Alvin Gatling and Horrace Savage share a bond that goes back all the way back to the 1960s. Savage was Gatling’s football coach at I.C. Norcom High School; the only black high school in the city of Portsmouth at that time. They met when Alvin was a freshman. “He brought a great deal of talent with him and was one of our best assets,” says Savage.

Coach Savage was not only a coach to Alvin but also a mentor. In 1960 the Greyhounds were the state champs and helped paved the way for black representation in sports.

Horrace Savage was born in 1925. He was raised in Truxton, Portsmouth and attended I.C. Norcom High School in 1942. He later graduated and went on to attend Hampton Institute, where he studied education.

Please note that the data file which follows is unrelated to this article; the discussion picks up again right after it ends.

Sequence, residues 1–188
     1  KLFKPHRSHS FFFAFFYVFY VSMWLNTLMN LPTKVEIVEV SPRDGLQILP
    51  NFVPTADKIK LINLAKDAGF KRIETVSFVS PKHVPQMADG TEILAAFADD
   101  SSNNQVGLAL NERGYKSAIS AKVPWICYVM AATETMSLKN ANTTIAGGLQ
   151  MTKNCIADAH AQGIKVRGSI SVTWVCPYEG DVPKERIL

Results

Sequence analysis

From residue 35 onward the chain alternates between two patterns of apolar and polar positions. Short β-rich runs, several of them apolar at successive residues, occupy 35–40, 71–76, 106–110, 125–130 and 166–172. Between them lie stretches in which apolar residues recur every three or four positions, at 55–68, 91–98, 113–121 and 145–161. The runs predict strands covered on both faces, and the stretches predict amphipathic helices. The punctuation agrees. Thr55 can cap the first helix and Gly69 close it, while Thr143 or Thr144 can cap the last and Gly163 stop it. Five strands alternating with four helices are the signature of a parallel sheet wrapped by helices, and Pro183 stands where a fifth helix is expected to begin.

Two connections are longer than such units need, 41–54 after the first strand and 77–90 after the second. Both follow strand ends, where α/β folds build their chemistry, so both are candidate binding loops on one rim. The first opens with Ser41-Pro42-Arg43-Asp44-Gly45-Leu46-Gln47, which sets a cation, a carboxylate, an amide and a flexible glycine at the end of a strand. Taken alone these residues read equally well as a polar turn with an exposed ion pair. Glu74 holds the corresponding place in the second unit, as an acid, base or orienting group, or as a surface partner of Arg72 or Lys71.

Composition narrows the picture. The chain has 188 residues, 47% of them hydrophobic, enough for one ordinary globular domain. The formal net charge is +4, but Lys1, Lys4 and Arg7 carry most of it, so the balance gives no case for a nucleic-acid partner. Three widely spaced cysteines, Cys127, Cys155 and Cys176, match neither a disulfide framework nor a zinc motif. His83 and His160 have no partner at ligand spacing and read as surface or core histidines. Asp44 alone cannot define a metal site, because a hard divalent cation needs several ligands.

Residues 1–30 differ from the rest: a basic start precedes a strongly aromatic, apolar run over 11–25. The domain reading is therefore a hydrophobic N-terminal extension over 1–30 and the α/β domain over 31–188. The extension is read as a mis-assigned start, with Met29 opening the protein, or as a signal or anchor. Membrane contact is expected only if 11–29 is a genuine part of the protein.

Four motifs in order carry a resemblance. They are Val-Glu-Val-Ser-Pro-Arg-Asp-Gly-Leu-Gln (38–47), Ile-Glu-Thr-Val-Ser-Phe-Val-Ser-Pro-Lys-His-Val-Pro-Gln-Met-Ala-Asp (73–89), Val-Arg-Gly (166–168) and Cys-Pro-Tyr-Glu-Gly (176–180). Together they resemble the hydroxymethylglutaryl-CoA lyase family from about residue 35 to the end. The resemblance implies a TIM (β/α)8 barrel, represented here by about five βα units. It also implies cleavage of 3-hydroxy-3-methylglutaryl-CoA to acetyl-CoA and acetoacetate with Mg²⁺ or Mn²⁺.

“At that time there wasn’t a great deal of opportunity available to black people, so I went with what I knew.” His mother had been an educator so he was familiar with that profession and decided to pursue it as well. He was the head coach from 1958-1968 at Norcom.

Alvin Gatling was born in 1941, where he was raised in Douglas Park, Portsmouth. He was always very competitive and good in sports. He was involved in almost every sport imaginable but his top two were football and baseball. Between these two sports he received 26 scholarships. He ultimately decided to attend Norfolk State on a football scholarship.

“A lot of people told me I wouldn’t be a successful athlete because of the color of my skin but coach Savage always reminded me I could do anything I set my mind to. I will always appreciate him for leading and guiding me through life, I’m not sure I’d be the man I am today without him,” says Alvin.

Alvin later worked for Norfolk and Western Railway for 10 years and now we cherish the 26 years of invaluable contributions he’s put into our organization here, at WHRO Public Media.